An Interview with Andrea Rosanoff, Ph.D., Part 5 of a Multipart Series on Magnesium

Let’s continue our conversation with Andrea Rosanoff, Ph.D., about the great importance of the mineral magnesium. In earlier conversations, we discussed magnesium’s role in producing energy, utilizing vitamin D, longevity and heart health. Now, let’s look at the many ways in which magnesium affects nerve and mental health.

Dr. Rosanoff is a nutritional biologist and the director of research at The Center for Magnesium Education & Research, LLC in Pahoa, HI. Dr. Rosanoff spent her undergraduate years at the University of California at Berkeley studying biological sciences and then taught science for several years before returning to graduate school. After earning her M.S. and Ph.D. degrees in nutrition from UC Berkeley in 1982, Dr. Rosanoff began her study of nutritional magnesium, especially as it relates to health in the developed world. Her work as the senior chemical specialist for Dialog Information Services and information analyst at Chevron Res & Tech. Corp. gave her early training of and access to the online scientific literature, which she now uses in her research and teaching on all aspects of nutritional magnesium.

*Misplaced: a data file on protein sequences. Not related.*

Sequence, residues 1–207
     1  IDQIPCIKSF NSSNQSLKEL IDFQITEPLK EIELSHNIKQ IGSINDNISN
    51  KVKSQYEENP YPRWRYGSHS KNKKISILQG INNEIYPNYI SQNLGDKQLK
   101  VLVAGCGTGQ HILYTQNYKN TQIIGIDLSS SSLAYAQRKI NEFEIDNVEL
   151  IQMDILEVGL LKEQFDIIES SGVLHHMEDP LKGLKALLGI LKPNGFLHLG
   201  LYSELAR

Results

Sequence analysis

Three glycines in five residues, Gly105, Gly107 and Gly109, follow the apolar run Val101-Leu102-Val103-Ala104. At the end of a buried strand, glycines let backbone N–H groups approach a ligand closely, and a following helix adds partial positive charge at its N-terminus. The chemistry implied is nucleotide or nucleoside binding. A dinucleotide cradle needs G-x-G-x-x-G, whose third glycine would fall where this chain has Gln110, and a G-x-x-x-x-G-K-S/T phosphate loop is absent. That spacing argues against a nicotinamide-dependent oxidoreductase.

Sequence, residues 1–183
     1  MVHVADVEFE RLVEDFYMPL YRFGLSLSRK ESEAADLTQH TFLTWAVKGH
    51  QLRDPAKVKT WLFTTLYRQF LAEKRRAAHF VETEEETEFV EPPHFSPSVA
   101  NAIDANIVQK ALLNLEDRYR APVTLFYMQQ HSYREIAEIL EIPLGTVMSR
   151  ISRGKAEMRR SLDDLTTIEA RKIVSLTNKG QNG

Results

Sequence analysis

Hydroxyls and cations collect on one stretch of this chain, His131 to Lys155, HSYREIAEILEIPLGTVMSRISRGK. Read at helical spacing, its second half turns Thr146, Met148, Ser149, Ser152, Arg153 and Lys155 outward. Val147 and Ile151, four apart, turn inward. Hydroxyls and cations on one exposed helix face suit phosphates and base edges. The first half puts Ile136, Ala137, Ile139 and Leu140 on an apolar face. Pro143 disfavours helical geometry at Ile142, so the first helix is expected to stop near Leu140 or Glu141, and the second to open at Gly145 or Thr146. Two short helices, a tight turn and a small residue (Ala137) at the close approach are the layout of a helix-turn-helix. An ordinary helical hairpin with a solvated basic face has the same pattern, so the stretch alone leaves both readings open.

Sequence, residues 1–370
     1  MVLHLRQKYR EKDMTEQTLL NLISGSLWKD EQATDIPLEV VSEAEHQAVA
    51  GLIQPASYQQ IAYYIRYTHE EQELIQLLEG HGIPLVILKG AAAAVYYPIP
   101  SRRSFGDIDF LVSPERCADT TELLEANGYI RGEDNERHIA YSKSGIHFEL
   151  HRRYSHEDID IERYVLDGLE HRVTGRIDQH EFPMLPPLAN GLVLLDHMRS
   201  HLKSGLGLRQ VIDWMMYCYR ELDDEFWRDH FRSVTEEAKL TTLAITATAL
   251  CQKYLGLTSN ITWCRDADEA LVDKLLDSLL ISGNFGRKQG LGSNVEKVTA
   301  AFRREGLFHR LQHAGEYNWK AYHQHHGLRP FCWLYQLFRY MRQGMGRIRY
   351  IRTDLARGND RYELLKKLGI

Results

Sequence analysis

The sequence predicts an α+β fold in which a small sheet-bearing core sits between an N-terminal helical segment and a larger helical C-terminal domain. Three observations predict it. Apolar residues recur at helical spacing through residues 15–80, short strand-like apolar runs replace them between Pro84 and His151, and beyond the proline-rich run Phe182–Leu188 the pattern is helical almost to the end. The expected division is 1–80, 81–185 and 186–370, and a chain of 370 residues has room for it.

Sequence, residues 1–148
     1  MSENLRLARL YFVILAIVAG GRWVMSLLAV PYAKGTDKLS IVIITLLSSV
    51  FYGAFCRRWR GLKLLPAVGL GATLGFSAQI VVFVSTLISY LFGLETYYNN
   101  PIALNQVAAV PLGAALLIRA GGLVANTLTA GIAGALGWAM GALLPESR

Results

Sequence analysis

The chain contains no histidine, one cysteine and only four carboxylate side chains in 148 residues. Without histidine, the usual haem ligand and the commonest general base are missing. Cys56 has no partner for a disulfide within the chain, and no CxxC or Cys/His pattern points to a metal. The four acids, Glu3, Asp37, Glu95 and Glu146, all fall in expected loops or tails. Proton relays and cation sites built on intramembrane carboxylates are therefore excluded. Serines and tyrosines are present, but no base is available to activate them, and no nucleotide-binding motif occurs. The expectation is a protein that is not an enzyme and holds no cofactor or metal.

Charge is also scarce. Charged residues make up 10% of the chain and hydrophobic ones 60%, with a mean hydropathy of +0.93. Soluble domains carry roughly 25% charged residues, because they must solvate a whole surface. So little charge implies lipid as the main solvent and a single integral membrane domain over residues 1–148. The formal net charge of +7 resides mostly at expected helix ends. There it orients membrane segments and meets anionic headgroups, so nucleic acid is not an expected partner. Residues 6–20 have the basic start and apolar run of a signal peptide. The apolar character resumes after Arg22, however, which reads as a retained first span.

Her main research interests include the development of the nutritional magnesium paradigm of cardiovascular disease, the role of magnesium nutrition in osteoporosis, diabetes, psychobiological and renal disease, global spreading and generational effect on nutritional magnesium of the processed food diet and the role of magnesium in stress reactions. Some of her recent publications include studies on changing food crop magnesium concentrations and their possible impact on human health, magnesium supplementation and hypertension, a comparison of magnesium supplements with statin pharmaceuticals, and the rising calcium to magnesium ratio of dietary intakes in the United States.

Andrea Rosanoff, Ph.D.